How to…Strategize for Mobile Apps

Diane Gage Lofgren
Diane Gage Lofgren
Holly Potter
Holly Potter

Chances are you’re brainstorming communication challenges when the conversation turns to using mobile to connect with a particular stakeholder group. Whether for internal or external audiences, putting information and tools into the palms of your customers’ or employees’ hands seems to be a requirement. But is an app the best solution?

Josh Rochlin, global business leader for Mobile Customer Engagement at IBM, said that it’s key to focus on the customer and what matters for them. “Customers are channel agnostic,” he said. “It’s all about their journey. Many won’t download your app but encounter your brand on the mobile Web.”

Data from Google indicates that 48 percent of mobile consumers start with search and only 26 percent turn to branded apps first.

While developing a mobile solution is likely necessary for your brand, custom app development is not the only option.

“Be brutally honest about your requirements,” said Aaron Strout, leader of the technology practice at W20 Group. Understanding what you’re trying to do will help determine if a native app is necessary or if the needs can be addressed via mobile Web or a white-labeled product.

In the case of Sharp’s Mary Birch Hospital for Women & Newborns in San Diego, partnering with Customized Communications Inc. (CCI) to buy an off-the-shelf app branded with the hospital’s name and logo proved to be the most expedient and cost-effective way to meet the demands of its patients.

“We held ‘sensing sessions’ and clearly heard that new moms want information at their fingertips wherever they are,” said Ellen Fleischmann, RD, RN and director, maternal infant services and support programs.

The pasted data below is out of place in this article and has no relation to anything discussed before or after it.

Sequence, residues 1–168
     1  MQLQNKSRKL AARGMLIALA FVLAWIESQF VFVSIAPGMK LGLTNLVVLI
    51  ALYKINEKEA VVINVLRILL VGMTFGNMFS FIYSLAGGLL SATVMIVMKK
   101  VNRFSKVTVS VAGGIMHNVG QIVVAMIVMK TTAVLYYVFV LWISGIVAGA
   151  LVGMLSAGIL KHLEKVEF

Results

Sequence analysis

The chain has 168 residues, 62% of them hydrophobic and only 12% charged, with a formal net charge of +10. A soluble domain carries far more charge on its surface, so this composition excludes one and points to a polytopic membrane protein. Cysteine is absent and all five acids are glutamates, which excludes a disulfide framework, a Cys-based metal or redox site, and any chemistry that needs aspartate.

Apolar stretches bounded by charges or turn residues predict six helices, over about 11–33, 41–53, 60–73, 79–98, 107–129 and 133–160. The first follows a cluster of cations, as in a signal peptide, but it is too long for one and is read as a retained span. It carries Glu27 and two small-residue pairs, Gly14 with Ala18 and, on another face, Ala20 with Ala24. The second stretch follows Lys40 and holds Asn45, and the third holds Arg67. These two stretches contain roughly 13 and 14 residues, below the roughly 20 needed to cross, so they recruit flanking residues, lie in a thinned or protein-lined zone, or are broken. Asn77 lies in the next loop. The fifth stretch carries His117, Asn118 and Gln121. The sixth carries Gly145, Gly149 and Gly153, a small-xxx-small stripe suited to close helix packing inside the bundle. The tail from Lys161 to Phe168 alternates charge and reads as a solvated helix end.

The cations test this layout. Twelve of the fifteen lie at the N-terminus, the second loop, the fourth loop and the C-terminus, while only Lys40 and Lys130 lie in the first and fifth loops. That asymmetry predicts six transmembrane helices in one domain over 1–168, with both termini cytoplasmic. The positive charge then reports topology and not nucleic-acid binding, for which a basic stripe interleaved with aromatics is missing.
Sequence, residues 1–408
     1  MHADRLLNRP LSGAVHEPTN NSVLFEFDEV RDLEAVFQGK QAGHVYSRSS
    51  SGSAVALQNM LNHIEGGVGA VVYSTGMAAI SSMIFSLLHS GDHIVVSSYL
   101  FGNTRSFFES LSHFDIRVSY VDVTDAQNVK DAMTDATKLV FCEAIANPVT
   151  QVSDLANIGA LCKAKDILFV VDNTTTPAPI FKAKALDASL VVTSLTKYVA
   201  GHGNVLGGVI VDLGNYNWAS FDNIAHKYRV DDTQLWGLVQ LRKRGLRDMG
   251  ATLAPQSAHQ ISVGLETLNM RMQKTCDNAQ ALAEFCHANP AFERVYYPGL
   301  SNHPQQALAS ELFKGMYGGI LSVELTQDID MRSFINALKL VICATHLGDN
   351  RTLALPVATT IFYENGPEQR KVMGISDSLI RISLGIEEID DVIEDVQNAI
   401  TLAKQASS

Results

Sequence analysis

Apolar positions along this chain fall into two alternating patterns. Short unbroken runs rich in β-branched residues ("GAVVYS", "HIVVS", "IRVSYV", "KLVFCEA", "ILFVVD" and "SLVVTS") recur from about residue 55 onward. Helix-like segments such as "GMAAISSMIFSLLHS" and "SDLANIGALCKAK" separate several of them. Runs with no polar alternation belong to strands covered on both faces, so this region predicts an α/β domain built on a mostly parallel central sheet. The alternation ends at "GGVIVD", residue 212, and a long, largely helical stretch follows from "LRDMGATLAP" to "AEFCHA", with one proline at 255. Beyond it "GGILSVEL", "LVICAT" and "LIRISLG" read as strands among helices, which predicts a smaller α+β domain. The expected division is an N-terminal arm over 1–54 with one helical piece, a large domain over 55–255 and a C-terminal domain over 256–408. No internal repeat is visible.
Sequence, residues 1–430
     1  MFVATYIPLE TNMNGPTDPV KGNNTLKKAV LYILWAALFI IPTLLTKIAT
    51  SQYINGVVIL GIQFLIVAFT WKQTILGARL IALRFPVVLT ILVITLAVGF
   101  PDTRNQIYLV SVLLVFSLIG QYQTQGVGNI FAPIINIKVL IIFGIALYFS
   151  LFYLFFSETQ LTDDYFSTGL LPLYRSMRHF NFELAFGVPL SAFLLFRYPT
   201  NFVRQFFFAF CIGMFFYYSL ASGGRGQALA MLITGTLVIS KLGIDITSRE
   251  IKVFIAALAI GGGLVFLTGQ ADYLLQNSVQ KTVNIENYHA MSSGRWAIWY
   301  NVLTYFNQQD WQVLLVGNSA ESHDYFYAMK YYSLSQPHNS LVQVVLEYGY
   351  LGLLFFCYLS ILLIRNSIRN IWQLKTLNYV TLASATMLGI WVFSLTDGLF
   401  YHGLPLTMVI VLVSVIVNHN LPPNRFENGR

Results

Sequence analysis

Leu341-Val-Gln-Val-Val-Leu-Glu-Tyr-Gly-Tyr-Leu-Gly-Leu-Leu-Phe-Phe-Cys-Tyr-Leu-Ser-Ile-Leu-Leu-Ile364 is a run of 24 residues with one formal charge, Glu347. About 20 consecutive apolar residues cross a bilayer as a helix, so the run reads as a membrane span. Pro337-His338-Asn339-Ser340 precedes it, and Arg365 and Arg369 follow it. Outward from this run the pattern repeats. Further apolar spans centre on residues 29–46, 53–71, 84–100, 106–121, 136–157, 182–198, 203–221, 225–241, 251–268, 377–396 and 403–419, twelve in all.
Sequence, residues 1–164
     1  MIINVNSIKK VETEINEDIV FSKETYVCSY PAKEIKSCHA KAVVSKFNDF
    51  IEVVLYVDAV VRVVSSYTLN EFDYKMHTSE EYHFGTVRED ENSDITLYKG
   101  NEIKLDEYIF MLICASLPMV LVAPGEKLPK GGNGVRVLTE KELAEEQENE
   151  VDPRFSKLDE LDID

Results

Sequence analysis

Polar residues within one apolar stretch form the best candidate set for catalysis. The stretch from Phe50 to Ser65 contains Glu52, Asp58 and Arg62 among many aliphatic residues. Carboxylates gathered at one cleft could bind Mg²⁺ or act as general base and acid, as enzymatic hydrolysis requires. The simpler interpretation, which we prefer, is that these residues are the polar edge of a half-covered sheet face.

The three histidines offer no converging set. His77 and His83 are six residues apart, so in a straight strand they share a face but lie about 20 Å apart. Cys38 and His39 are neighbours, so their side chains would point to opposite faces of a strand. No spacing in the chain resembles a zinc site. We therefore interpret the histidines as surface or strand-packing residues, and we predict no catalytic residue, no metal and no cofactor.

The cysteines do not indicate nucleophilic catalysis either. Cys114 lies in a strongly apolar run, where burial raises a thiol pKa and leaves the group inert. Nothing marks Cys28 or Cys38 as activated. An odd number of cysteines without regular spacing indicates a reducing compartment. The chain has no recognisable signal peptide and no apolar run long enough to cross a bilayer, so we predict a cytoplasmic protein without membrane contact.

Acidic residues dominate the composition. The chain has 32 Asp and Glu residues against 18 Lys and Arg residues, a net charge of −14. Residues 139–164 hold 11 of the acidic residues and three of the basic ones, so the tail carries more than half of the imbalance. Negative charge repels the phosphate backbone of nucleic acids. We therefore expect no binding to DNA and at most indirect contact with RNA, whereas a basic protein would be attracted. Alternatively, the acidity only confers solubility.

Nicole Giangregorio, manager of Women’s Support Programs, added: “Our goal was to help our patients track pregnancy through their infants’ first year of life.”

The app allows the hospital to push notifications and links to hospital-sponsored educational programs and short 3D videos.

This kind of “white-labeled” app, meaning the name and content is customized for a particular brand, is not available in iTunes or Google Play stores, which prohibit having one app with multiple brand names.

Instead, Sharp’s Mary Birch provides patients with a unique URL and QR code for downloads from the CCI enterprise store.

Here are tips from Strout and digital agency HYFN for building a plan for mobile that meets your stakeholders’ needs:

1. Research. Consult existing mobile data. Are your employees/customers accessing your Web content via mobile devices? What are they looking for?

2. Requirements. Be clear about goals, target audience, benefits and information you’re trying to convey.

3. Budget. Can you afford an app? Think beyond development costs. Factor in testing, marketing and maintenance.

4. App or mobile Web. Can needs be met on the mobile Web or is there an already-existing option used by similar organizations you could rebrand?

5. Native functionality. How will you take advantage of the native functionality of the device (e.g., camera, contacts, GPS)?

6. Connectivity. Where will your users need to access the app? Do they need to be online or able to access information offline?

7. Security. If building for employees, does the app need to be kept behind your firewall?

8. Road map. Think about how the product fits into your overall digital road map: Will it interact with existing web properties? Can existing infrastructure support anticipated usage?

9. Development. Identify the right partners for development. Will you work with an in-house team or external developers?

10. Testing. Before launch, test the app with your end-users.

11. Maintenance. Allow for incremental updates and add features as requirements change.

12. Data. After launch, evaluate downloads and user feedback. Expand marketing and/or update the app as necessary.

With so many communication platforms, it’s critical to identify upfront if an app is the best way to meet your stakeholders’ needs, while building brand equity.


Diane Gage Lofgren is senior VP of marketing and communications for Sharp HealthCare in San Diego. Follow her on Twitter,@dianelofgren. Holly Potter is chief communications officer for the Gordon and Betty Moore Foundation. Follow her on Twitter, @htpotter.

 This article originally appeared in the November 24, 2014 issue of PR News. Read more subscriber-only content by becoming a PR News subscriber today.